SafeCare: a public-private approach Transparency of quality of care is at the heart of creating trust with patients in the healthcare system. Quality assurance of healthcare providers operates at two levels: licensing and accreditation. Generally, licensing is a mandatory process for providers and healthcare professionals, that is regulated and monitored by the Ministry of Health, and recognizes basic, safe levels of care. Accreditation is usually a voluntary process, although it is often a requirement for insurance contracts (including national health insurance schemes) and is an income generating marketing instrument for the private sector. Complementing these two processes is quality improvement. This is usually the domain of specialized for-profit or non-profit organizations and helps the facilities meet the standards as set by licensing and accreditation. However, in most African countries, shortage of capacity and funds causes a market failure in the implementation of licensing and accreditation. First, the capacity of the Ministry of Health to develop standards and perform inspection visits is limited and the same enforcement mechanisms do not appear to apply for public and private facilities alike, creating asymmetries in the sector. Second, accreditation agencies are often not available in the country itself and meeting accreditation standards is not achievable for most providers. As a result, no information on the scale, scope and quality of care is available. The concept of SafeCare fills this gap in the African healthcare system: quality levels of healthcare providers are identified and certified, which benefits all stake-holders as it creates trust in the market, and actively supports quality improvement.

The activities of SafeCare were initiated in the private sector by independent recognition of quality improvement of care using the standards. This introduced selfregulation and benchmarking of the private sector and encouraged its members to comply with quality standards that are internationally endorsed. Creating transparency of care, SafeCare helps providers attract more patients and therefore generate more income. Some of the major representative bodies of the private sector, e.g. APHFTA in Tanzania and K-MET in Kenya, work with PharmAccess and the Medical Credit Fund in adopting the SafeCare methodology for its membership. These bodies further function as policy and advocacy organizations, ensuring private sector needs are met. To embed the methodology in the legislative framework of the countries we work in, we engage in strategic partnerships with the governments of Kenya, Tanzania, Nigeria and Ghana and government agencies such as the National Hospital Insurance Fund (NHIF) in Kenya and the National Social Security Fund (NSSF) in Tanzania. Through government partnerships and regulation, SafeCare is recognized as (one of) the external evaluation systems that sets standards and certifies quality of care. In Tanzania, the government has even adopted the methodology as the national system for stepwise certification towards accreditation. This public partnership helps build the capacity within the government to perform inspections, and sets the same standards for the public and the private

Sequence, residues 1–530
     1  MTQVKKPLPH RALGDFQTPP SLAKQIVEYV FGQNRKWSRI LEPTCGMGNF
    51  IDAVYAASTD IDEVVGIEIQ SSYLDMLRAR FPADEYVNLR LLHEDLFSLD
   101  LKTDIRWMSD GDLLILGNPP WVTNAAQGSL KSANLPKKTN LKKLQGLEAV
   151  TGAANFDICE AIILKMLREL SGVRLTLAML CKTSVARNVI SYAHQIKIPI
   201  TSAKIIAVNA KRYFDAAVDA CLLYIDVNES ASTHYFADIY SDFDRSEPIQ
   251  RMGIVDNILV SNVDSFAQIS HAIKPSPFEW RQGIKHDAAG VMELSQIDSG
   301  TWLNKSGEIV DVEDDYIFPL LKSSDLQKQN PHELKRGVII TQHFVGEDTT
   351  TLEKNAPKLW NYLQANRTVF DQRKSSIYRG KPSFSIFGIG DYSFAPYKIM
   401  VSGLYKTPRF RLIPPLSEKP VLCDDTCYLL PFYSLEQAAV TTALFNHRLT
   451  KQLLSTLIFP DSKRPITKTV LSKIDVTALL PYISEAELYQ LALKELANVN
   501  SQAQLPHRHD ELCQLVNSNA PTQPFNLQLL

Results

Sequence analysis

sector. The resulting public-private partnership (ppp) approach works well for promoting the values of quality standards and entitles private facilities to public benefits such as contracts with the NHIF and the NSSF and compliance with government regulation by the Ministry of Health. Increased transparency and compliance in turn attracts private funds and investments needed to increase the total amount of money in the healthcare system. Most importantly, this ppp approach creates transparency, efficiency and cost effectiveness by exchanging data on the quality of care between the public and private sector. In the banking system, banks pay for their credit rating reports. Through our ppp approach, this situation could also become true for the health sector, with health

facilities paying for their performance assessments and certificates. The main incentive for facilities to perform better is by linking certificate levels to contracting with public and private health plans, such as the NHIF. Thus, a virtuous circle of locally funded quality improvement activities will be initiated, where the clinics pay for their assessment and for assistance in quality improvement, implemented by partner organizations. Resulting in higher certification levels, an increase in patient numbers and beneficial insurance contracts. The process is supported by affordable loans to finance the necessary improvements. This will catalyse towards a tipping point, and the activities will spill over to the market system as a whole, including both public and private sector players.



‘SafeCare helps to create the right environment and all the right components to offer high levels of care.’ Interview with Nicholas Sowden, Managing Director and co-founder of Penda Health and Shezaad Zainulbhai, Director of Operations

Nicolas: “SafeCare helps to create the right environment and all the right components to offer high levels of care. The people, the staff, the organization, the policies, the infection prevention; really the entire environment and all the components.“